The show of commitment from local and state governments to continue to fight climate change continues today with Pennsylvania Treasurer Joe Torsella’s open letter to the international community, stating that “the decision to withdraw from the Paris climate accord was one of the most foolish and shortsighted actions taken by the Trump Administration thus far,” Torsella wrote. “Climate change represents a catastrophic threat to Pennsylvania if we do not take action. But it also represents a chance to make wise investments that help avoid disaster and bring returns to taxpayers.”
In related news today, Environmental Leader reported that German Chancellor Angela Merkel spoke on behalf of the Group of 20 (G20), saying that the Paris accord agreement to keep temperature increases to no more than 2 degrees Celsius by mid century “unstoppable.” Global companies and especially those technology-oriented enterprises based in the United States are moving forward to cut their carbon emissions. It’s not just boosting their brands, it’s also saving them money, G20 indicates.
In another open letter to the international community last month, more than 1,200 businesses, universities and colleges, investors, governors and mayors officially declared that “We are still in” on the Paris Climate Agreement. The declaration represents $6.2 trillion of the US economy and 120 million Americans. The leaders that signed the letter represent the “broadest cross section of the American economy yet assembled in pursuit of climate action,” according to the letter, and they have declared their intent to “continue to ensure the US remains a global leader in reducing carbon emissions.” Signatories include representatives of over 900 businesses and investors, including 20 Fortune 500 companies like Apple, eBay, Gap Inc., Google, Intel, Microsoft and Nike. Nine states, 125 cities, and 183 colleges and universities are also included.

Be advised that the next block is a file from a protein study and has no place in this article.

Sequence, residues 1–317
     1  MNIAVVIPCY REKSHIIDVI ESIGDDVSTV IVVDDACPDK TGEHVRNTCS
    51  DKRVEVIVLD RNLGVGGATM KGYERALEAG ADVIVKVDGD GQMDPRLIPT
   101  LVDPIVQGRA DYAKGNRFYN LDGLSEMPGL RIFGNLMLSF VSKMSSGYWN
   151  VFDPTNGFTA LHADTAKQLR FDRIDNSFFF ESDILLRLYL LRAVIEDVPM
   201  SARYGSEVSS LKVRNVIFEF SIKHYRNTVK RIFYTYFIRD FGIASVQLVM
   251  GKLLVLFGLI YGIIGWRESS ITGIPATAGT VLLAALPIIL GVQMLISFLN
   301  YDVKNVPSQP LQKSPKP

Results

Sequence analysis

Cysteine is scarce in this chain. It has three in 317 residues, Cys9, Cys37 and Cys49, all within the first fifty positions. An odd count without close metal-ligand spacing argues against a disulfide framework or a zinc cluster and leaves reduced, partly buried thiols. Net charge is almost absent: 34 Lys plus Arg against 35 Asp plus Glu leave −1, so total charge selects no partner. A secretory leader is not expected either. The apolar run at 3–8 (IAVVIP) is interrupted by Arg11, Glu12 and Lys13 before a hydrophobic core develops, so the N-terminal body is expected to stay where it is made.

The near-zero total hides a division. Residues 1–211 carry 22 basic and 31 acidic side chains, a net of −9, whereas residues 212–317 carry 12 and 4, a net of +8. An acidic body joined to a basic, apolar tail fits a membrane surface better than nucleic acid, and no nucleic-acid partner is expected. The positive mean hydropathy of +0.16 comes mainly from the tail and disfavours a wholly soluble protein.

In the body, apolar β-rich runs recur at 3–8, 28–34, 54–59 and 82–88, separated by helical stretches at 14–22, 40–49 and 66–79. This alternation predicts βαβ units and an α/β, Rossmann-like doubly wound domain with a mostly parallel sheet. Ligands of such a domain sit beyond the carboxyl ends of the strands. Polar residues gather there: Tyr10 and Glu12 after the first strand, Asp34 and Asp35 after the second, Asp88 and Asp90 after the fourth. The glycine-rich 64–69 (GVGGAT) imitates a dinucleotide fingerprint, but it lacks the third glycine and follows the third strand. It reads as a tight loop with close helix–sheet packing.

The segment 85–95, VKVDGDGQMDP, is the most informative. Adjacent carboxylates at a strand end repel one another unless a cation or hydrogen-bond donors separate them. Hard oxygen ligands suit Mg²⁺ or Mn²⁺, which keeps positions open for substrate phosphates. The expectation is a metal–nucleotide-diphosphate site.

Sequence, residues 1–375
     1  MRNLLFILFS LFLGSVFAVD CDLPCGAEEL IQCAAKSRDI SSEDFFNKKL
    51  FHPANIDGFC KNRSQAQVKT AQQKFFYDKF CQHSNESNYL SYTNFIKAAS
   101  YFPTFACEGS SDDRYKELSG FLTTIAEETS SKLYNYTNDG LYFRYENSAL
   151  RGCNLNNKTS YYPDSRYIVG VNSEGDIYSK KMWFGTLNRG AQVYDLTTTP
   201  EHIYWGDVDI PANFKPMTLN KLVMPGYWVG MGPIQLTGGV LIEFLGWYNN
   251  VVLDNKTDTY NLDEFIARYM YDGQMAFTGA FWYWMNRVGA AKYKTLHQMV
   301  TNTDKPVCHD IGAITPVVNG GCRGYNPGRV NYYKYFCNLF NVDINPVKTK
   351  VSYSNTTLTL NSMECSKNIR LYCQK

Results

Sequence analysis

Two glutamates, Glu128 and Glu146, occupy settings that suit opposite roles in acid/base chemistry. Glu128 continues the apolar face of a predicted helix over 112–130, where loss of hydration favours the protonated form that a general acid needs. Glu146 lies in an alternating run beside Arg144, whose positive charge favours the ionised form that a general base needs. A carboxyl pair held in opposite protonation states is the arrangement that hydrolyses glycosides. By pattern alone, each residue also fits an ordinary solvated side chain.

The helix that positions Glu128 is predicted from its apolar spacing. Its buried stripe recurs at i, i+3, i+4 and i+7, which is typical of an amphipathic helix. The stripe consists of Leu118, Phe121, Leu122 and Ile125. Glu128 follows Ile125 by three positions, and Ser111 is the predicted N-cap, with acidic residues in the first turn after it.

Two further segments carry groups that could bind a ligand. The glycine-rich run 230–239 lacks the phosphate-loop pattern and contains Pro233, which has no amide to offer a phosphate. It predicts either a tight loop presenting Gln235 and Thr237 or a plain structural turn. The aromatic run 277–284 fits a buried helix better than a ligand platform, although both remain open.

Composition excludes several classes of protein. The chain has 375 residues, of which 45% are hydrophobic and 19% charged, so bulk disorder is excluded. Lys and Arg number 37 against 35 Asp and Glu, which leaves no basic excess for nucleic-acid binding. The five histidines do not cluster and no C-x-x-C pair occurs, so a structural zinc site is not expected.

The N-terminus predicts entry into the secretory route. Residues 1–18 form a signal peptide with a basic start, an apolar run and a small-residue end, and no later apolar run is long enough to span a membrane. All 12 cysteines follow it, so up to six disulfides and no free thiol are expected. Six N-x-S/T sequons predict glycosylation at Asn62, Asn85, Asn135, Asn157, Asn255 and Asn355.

More recently, the US Conference of Mayors announced it will be working with the private sector to try and achieve the goals of the climate accord to keep temperature increases to no more than 2 degrees Celsius by mid century. An overwhelming number of mayors from a cross section of America’s cities are on board — both Republican and Democrat – saying that they face first hand the challenges posed by a changing climate and rising temperatures.
In Pennsylvania, the Treasury Department has partnered with the Foundation for Renewable Energy and Environment to establish PennSEF, which promotes energy and water efficiency, clean energy generation, economic development and environment improvement. The PennSEF program provides technical and legal assistance along with access to low-cost capital for projects undertaken by municipalities, universities, schools and hospitals.